Science is beautiful

A lot of things I’ve experienced in my studies recently have led to think about the beauty of science; whether when writing an essay about the modern relevance of CP Snow’s ‘Two Cultures’ or finding the most beautiful data visualisation for our practical class. Since a very early age I loved science, and every little bit of scientific knowledge gleaned has made life more beautiful (wow, that wasn’t meant to sound that corny!).

As a small, slightly hyper, child I spent a large proportion of my time exploring every inch of our garden. My tom-boy like behaviour had me squeezing through in the gap behind our garage and constructing a den. This den, my first ever lab, is where I kept buckets full of tadpoles, surreptitiously scooped from the pond, and charted their progress to maturity in a grubby notebook hidden within an old wooden school desk (few survived too long…oops).

I am very lucky to have parents that love the outdoors. On our daily walks with our gorgeous (but incredibly stubborn) golden retriever, my enthusiastic mum would explain to an eight-year-old me why flowers were the multitude of colours and even the basics of photosynthesis! Plants became even more fascinating on every single walk! The Crouches are all still unashamedly geeks to this day; when my younger brother needed to go out and collect water lice for his master’s research last year… my Mum and I jumped at the opportunity!

My enthusiasm about the natural world evolved into a passion for physiology, which I studied at university. I adored looking at the human body on a scale that we cannot even see. An enthusiastic professor once played the following clip during a lecture…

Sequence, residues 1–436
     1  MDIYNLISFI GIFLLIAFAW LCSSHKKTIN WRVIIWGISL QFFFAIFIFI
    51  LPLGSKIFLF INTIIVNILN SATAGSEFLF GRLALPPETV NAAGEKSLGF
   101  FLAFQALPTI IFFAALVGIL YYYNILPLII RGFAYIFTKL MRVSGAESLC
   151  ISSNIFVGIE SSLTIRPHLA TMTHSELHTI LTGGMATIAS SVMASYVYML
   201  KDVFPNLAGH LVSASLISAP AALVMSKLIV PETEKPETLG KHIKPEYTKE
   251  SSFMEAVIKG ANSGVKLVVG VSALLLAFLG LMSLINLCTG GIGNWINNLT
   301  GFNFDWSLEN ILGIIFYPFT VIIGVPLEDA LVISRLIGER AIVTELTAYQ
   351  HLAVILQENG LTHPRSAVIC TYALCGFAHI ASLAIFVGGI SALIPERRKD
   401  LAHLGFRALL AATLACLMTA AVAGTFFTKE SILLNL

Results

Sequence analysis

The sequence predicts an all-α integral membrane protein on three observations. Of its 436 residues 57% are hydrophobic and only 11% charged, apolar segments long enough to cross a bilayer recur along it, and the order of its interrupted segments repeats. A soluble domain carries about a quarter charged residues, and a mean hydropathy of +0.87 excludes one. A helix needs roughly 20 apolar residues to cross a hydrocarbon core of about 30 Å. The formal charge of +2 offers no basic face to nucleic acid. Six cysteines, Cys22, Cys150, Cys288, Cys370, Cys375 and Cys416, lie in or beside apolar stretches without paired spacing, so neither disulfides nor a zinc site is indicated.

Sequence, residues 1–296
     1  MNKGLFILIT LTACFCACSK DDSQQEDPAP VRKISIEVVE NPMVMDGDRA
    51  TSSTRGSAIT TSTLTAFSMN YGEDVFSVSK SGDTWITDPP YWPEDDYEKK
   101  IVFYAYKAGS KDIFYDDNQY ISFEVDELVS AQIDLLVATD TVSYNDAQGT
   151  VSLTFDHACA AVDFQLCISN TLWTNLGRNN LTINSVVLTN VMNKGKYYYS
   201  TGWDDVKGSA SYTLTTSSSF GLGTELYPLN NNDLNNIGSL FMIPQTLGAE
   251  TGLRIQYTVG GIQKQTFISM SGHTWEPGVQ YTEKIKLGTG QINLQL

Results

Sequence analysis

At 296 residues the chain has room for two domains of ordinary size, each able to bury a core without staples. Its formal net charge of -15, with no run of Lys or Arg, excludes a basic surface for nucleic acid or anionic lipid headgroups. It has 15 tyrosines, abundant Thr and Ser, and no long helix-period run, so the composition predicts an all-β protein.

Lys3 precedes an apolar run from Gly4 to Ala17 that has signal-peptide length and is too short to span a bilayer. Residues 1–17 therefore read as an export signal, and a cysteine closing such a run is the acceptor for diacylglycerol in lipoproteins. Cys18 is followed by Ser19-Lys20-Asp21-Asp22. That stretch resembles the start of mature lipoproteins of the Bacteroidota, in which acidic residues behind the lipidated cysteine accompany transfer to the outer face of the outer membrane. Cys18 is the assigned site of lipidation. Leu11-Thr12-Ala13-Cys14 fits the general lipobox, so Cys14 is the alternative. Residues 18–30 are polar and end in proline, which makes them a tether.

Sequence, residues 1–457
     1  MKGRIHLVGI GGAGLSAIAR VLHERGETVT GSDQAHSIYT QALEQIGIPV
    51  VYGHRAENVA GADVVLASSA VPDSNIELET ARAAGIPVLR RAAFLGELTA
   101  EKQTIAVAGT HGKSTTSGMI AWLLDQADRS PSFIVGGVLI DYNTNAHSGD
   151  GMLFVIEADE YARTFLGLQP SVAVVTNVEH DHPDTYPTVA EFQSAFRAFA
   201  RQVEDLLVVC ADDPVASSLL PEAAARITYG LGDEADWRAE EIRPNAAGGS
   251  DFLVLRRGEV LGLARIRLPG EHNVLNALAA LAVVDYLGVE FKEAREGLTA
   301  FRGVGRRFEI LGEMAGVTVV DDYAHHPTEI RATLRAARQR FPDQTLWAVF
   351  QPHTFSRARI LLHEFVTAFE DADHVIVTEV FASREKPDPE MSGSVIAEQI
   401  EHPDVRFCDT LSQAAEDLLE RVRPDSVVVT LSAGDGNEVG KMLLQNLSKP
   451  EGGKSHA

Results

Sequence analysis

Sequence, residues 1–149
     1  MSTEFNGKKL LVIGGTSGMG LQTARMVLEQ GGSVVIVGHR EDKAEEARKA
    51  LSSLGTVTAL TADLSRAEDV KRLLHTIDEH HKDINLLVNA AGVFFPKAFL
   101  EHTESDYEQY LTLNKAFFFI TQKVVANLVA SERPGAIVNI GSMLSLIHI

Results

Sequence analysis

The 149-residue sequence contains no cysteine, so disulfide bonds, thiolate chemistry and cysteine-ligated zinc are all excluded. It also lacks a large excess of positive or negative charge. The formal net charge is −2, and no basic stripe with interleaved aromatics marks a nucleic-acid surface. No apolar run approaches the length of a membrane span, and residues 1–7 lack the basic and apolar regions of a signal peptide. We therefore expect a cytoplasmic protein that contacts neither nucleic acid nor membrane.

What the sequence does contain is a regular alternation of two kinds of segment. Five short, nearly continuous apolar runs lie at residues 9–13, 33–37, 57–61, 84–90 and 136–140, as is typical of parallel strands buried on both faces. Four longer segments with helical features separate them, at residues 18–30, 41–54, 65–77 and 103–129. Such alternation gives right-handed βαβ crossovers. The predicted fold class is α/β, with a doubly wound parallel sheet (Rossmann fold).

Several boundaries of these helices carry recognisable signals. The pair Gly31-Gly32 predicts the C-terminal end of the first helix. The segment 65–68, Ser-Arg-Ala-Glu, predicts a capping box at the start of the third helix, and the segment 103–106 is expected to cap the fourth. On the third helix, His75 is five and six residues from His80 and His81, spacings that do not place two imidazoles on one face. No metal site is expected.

This stunning clip is of a miniscule outer hair cell from deep within your ear. There are a multitude of these highly specialised cells deep within your ear, each of which responding to a slightly different wavelength of sound, and are the point at which sound is first encoded from a wave into an electrical signal. It is the interpretation of the electrical signal generated by these tiny cells which allows us to hear sounds. Each little bit of information like this enriches the world and makes it beautiful. I think that the first 2 minutes of this clip, showing Richard Feynman speaking on Horizon in 1981, explains in a wonderfully eloquent way how this happens.

2 thoughts on “Science is beautiful

  1. I love this, Lizzie. I’m interested in “Semir Zeki’s” work to try to understand the processes behind aesthetic appeal – but sometimes I think it’s all so much more simple and elegant. The beauty lives inside the wonder. Last year I watched Brian Cox describe an equation to an audience not by its symbolism, or even its context and purpose, but by its balance. It’s inner symmetry. It’s beauty. And he – like Feynman – was right. The detail informs the wonder. But the wonder is self-sufficient.


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